Drew: Endings are hard. Whether they break our hearts or leave us wanting more, even the most satisfying ending must face the bittersweet truth of being the end. “The End” takes on a peculiar meaning in the world of month-to-month comics (especially where the next volume may already be a fewissues in), but whatever we’re saying goodbye to — whether its a paradigm or a creative team — can still have an almost hallowed air of significance. This makes talking about comic book endings in a issue-by-issue format particularly difficult, as its tempting to use the final issue as a platform for talking about the series as a whole. I absolutely want to talk about Matt Fraction’s Hawkeye run as a whole, but I want to first give issue 22 its due respect as perhaps the perfect distillation of what made his run so remarkable. Continue reading →
Today, Spencer and Michael are discussing Mrs. Deadpool and the Howling Commandos 2, originally released July 8th, 2015. This issue is a Secret Wars tie-in. For more Secret Wars coverage from the week, click here.
Spencer: One of my best friends and I quite often find ourselves arguing about how “realistic” a story should be. He loves stories that could take place in our “real” world, while they sometimes rub me the wrong way. Don’t get me wrong, there’s quite a few stories that benefit from a sense of gritty realism (The Black Hoodis an excellent, recent example), but I resent the idea that all stories need to be realistic. Our world is quite often an awful place, and fiction is my way of escaping it — I get a lot of joy out of stories that can break the restrictive rules of our reality. Gerry Duggan and Salva Espin’s Mrs. Deadpool and the Howling Commandos 2 is just such a story, one which takes great pleasure in transcending the limits of both reality and traditional narrative structures. It’s a hoot. Continue reading →
Today, Patrick, Spencer, Michael and Drew discuss Amazing Spider-Man Renew Your Vows 2, Spider-Verse 3, Spider-Island 1, Civil War 1, 1872 1, Ghost Racers 2, Runaways 2, Secret Wars 2099 3, and X-Men ’92 Infinite Comic 4.
Patrick: It’s Spider-Day in Battleworld! Not only do we have three books with “Spider” in the title, Civil War prominently features Peter Parker (and the rest of the Parker clan). It’s amazing how malleable the concept of Spider-Man is, and how it can be at home in all four of these discrete story worlds. The rest of the issues on our Round Up today all approach their unique worlds in different ways – some try to cram in every possible piece of relevant lore, others pic and choose; some want to make a point about the source material, others are only interested in telling fun stories with the concepts. I’m continually amazed that no two series have similar approaches to Secret Wars – not even when they’re all named “Spider.” Continue reading →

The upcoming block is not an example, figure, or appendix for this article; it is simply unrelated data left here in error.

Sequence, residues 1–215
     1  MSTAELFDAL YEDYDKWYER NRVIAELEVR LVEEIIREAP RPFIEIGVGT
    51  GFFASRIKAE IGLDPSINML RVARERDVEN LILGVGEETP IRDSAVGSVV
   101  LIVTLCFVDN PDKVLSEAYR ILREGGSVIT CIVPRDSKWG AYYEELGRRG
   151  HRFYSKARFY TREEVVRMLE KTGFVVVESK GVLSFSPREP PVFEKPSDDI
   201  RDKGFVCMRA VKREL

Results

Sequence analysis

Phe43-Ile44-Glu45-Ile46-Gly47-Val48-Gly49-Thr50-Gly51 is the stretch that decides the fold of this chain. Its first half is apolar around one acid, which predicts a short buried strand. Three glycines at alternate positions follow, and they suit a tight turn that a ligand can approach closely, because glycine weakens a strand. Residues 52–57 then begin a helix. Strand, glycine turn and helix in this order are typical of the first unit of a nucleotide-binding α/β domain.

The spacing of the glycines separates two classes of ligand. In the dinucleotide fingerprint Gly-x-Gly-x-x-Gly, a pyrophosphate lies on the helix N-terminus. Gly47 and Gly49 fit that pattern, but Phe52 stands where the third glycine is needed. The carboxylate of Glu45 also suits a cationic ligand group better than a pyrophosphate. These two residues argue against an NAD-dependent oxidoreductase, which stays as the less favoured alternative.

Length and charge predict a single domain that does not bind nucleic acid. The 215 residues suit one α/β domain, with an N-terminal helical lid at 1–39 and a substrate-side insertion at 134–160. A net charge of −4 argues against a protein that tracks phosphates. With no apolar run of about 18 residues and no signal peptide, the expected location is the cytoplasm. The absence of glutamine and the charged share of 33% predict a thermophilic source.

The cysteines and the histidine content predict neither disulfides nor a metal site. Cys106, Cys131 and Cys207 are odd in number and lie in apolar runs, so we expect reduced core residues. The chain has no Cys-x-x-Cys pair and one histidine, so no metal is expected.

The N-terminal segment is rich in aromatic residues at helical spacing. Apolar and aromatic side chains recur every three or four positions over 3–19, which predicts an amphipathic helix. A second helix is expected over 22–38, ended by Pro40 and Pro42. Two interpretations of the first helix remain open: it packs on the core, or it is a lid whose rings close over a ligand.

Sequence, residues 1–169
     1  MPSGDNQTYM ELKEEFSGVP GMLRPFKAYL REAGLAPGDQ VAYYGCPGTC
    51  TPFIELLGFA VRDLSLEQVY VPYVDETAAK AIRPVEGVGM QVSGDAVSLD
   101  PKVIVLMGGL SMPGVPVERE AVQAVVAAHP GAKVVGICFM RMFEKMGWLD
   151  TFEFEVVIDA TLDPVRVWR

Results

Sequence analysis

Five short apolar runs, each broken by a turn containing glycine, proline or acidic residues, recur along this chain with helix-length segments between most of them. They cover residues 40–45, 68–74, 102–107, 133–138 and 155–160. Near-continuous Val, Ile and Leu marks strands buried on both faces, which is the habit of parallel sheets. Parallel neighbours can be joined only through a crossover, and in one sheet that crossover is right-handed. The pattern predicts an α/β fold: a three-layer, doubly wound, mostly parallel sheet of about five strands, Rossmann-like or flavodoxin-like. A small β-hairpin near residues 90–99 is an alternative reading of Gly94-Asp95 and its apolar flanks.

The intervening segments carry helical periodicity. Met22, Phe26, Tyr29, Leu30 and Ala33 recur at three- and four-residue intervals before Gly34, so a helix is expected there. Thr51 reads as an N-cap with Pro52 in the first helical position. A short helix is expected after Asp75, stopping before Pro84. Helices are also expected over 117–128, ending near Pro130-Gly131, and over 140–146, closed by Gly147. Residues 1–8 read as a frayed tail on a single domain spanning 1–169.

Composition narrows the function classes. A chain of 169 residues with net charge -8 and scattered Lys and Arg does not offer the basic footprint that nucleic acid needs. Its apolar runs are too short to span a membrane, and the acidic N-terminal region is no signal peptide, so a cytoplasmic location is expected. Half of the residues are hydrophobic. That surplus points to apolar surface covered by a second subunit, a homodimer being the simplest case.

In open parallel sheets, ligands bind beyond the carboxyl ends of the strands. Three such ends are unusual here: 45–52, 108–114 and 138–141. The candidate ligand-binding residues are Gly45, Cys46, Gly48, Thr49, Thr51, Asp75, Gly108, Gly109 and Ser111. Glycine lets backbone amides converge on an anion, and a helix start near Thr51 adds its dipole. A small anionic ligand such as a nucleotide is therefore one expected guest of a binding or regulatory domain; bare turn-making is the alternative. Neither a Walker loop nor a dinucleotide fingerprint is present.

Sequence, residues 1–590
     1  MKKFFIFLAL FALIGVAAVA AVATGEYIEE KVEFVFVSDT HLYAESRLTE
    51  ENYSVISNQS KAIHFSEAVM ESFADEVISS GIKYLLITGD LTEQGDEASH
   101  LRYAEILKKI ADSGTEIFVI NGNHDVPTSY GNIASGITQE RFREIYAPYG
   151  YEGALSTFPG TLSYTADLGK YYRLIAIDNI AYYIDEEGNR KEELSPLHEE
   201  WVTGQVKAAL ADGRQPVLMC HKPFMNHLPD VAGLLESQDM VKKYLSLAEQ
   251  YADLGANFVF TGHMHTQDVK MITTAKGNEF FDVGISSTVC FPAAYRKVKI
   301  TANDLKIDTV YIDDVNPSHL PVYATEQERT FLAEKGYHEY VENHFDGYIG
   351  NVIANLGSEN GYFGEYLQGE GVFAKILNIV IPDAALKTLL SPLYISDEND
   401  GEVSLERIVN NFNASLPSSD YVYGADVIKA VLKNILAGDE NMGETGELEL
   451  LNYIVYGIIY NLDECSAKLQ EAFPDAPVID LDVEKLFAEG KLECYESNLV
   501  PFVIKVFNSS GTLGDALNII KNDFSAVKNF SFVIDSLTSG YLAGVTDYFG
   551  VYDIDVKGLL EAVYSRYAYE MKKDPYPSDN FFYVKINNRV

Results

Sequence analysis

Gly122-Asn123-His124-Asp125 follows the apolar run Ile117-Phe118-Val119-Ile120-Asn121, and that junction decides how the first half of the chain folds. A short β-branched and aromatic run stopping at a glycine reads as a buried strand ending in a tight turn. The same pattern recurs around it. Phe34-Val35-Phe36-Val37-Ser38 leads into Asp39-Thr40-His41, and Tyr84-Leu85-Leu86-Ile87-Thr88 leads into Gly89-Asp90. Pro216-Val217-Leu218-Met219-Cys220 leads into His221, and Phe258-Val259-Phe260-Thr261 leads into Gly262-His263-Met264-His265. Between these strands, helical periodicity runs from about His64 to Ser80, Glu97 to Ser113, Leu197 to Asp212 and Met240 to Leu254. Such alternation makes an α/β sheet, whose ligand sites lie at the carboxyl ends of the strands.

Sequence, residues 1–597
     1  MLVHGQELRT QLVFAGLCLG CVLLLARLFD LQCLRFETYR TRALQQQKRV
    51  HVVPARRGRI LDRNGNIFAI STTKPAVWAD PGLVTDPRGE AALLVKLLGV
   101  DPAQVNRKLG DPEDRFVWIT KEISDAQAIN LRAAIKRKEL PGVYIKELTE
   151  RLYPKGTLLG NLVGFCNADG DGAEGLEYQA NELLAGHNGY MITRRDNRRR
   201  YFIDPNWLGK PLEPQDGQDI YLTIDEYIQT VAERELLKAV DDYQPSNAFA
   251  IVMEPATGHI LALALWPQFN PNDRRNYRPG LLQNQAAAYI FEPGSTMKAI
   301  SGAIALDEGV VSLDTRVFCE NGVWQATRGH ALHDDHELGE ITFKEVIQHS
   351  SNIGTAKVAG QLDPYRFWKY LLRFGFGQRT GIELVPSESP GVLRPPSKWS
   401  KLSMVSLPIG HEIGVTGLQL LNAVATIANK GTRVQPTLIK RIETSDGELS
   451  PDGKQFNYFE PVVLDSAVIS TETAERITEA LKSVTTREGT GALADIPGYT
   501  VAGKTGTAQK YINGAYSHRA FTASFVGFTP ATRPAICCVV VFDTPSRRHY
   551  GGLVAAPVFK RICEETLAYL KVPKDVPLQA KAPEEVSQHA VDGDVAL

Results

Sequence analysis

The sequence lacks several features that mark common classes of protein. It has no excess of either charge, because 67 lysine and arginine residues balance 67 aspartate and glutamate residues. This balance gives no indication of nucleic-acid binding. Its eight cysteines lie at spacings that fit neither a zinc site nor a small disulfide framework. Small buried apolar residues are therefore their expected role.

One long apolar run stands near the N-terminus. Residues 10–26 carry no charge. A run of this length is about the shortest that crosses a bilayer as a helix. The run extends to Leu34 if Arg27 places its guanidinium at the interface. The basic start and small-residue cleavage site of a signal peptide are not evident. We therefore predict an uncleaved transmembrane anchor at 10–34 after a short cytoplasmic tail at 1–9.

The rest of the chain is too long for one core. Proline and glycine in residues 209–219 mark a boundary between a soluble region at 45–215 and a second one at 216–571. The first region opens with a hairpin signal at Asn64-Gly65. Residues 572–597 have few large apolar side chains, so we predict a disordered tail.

Today, Spencer and Patrick are discussing Lando 1, originally released July 8th, 2015.
Spencer: Maybe it’s just because of the way superheroes dominate the medium, but when I think of comic books, my mind immediately turns to fighting. It’s almost unheard of to find a superhero who doesn’t fight in some capacity, and even in the indie books I read, most of the characters are spies, soldiers, robots wielding built-in weaponry, or kids struggling to survive in the wild — the one thing they have in common is that they all fight. Lando Calrissian, however, does not. Throughout Lando 1, Charles Soule and Alex Maleev depict Lando as someone who may know the value of a good warrior, but prefers to win his battles with cunning. It’s a compelling take on the character, one that helps set him apart from his good buddy (and fellow smuggler) Han Solo, and one which also establishes this mini-series as a heist story through and through. Sure, there’s action, but the twists and turns of Lando’s high-stakes schemes (as well as the schemes hatched against him) are what this series is really all about, and that’s a fun new direction for the Marvel Star Wars books to explore. Continue reading →
Today, Spencer, Patrick and Drew discuss Secret Wars 4, Red Skull 1, A-Force 2, Giant-Sized Little Marvel AvX 2, Ultimate End 3, Years of Future Past 2, and Secret Wars Journal 3.
Spencer: One thing that’s always bothered me about line-wide crossovers is when the tie-ins are forced to incorporate certain elements whether it makes sense or not. I can’t help but think of the earthquake in all 40 of the second issues of Convergence, or that month where every single DC comic released had to feature a fight with an OMAC — besides being creatively stifling, it makes all the books start to feel way too similar. With that in mind, what I’ve appreciated the most about Secret Wars is the sheer variety found in its tie-ins. All these books have in common is that they’re all set on Battleworld — other than that, they’re free to do whatever they please. This week’s offerings feature everything from the inner workings of Doom’s mind and Battleworld’s politics to zany childhood shenanigans — it’s a fun change of pace from the typical crossover, and in fact, the only real disappointments to be found may be the titles that don’t take enough advantage of their setting. Continue reading →